Ollie Gordon D

Germany continued to bring lumber in the next point, forcing another high stall hammer which was saved by Ben Funk, and a pre-emptive backpack layout got Foord angry. Despite the pressure, GB held without turning.

Aggressive German D

Germany’s deep game was impressive, connecting on multiple deep shots to open receivers who caught in stride, with no chance of defensive pressure, with Tiro showing off some superb throwing here to bring the Germans back within one, down 12-11. In contrast, GB lacked the precision deep throwing of Germany, but more than made up for it with receivers used to bringing down the disc under pressure.

Tiro punts for Germany

Germany got a chance to break in the next point after Cross threw into traffic, but Koble threw away twice, and GB were able to hold on a multiple turnover point to maintain the two point lead, 13-11. This would be the last turn until Bowen came up with a block and subsequent assist that put GB up 16-13, all but winning the game for GB.

Germany was able to score easily on their next offensive possession. The final point of the game proved fairly typical with GB forced into a high stall turnover; Koble then threw his fourth turnover of the game as Foord made a ridiculous layout catch D to save the game and give GB the European gold.

Both teams scored 10 goals on offense without turning it over. The difference lay with the offensive firepower of their respective defensive lines; GB managed three breaks from six attempts. While a 50% conversion rate isn’t going to win them a world championship, it was good enough in a high pressure European final to bring home the gold. GB’s D line showed some patience, but they will need to be more comfortable at creating scoring opportunities rather than just waiting for something to happen; Jake Aspin was great at hitting throws towards the break side of the field and setting up power positions, and GB needs more of his style of play. Hopefully, they can start to build the kind of chemistry that Clapham’s D line has shown in the past.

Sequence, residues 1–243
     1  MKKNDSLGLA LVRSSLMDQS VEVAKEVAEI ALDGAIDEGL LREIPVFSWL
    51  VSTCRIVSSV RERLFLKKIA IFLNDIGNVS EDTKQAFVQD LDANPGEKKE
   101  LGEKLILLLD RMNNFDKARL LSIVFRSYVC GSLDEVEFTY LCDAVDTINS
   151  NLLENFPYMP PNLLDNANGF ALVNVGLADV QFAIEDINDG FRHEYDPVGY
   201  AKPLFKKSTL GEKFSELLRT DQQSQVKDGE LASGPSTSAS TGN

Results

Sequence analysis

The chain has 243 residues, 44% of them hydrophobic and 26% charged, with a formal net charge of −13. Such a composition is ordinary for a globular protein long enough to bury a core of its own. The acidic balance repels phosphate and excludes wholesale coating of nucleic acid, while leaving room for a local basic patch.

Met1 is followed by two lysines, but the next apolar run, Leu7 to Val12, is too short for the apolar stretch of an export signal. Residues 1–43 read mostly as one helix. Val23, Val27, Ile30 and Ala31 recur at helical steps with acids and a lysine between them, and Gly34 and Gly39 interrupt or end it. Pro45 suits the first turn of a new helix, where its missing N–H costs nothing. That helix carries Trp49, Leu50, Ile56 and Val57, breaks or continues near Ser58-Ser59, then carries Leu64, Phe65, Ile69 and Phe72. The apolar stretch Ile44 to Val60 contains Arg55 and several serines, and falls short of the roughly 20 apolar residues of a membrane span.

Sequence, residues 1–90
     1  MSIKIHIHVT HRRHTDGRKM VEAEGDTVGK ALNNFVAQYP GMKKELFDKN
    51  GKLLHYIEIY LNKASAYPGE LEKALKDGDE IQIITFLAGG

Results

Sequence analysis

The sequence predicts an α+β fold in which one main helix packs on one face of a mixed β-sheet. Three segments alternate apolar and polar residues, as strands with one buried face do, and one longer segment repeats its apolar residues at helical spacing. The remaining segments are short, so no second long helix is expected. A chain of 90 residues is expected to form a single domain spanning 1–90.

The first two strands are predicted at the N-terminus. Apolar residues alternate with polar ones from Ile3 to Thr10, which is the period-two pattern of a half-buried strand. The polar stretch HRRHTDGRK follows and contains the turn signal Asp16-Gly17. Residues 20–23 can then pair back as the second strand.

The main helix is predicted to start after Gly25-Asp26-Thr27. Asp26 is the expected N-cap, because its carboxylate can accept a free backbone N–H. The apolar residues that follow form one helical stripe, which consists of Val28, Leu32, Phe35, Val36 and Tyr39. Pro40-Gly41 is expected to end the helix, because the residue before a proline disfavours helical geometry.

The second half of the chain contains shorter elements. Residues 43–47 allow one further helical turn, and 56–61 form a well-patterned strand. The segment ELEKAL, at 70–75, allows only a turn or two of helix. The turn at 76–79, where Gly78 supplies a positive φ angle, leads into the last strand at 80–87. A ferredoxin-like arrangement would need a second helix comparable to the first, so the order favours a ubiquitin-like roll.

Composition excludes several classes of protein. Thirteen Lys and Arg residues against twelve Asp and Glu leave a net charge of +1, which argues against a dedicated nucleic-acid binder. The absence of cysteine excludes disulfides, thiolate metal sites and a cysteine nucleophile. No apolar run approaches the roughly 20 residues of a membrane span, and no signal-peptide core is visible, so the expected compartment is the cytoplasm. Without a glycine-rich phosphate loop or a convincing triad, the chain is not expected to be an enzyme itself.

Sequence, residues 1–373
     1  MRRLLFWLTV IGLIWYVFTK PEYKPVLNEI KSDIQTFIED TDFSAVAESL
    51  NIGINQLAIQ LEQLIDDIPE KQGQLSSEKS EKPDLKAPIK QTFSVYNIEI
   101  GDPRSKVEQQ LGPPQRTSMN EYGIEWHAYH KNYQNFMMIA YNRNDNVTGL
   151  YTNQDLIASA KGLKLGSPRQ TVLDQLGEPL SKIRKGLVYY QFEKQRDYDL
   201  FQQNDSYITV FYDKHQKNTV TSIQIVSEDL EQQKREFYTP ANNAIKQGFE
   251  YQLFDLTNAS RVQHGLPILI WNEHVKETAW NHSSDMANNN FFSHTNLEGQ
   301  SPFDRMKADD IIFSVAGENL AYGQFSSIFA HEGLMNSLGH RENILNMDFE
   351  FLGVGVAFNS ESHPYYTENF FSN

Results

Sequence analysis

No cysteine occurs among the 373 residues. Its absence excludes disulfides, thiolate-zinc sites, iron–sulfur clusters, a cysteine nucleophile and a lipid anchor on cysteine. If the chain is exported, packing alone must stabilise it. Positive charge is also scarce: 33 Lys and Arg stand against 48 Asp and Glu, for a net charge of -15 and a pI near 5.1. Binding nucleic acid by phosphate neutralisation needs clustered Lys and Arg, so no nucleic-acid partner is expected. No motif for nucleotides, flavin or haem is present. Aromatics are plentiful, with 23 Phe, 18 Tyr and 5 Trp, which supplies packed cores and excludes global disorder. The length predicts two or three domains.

Germany will be extremely unhappy with the performance of their D line’s offense, managing just one break from seven possessions in five different points. They had chances to win this game, and fluffed it. GB’s offense was able to get the disc back far more often in this game — six from seven turns — than they could ever expect against an elite North American team, especially since the majority of turns were simple offensive miscues. Integrating the Boston-based Koble is clearly going to take work — he threw four of the six turns on the German D-line — but this German team has lots of promise and I’m excited to see what they can achieve at WUGC next summer.

  1. Sion "Brummie" Scone
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    Sion "Brummie" Scone coached GB Open from 2010-2012, and also coached the GB World Games team in 2013, and the u24 Men in 2018. He has been running skills clinics in the UK and around the world since 2005. He played GB Open 2007-12, and GB World Games 2009. He lives in Birmingham, UK. You can reach him by email (sionscone@gmail.com) or on Twitter (@sionscone).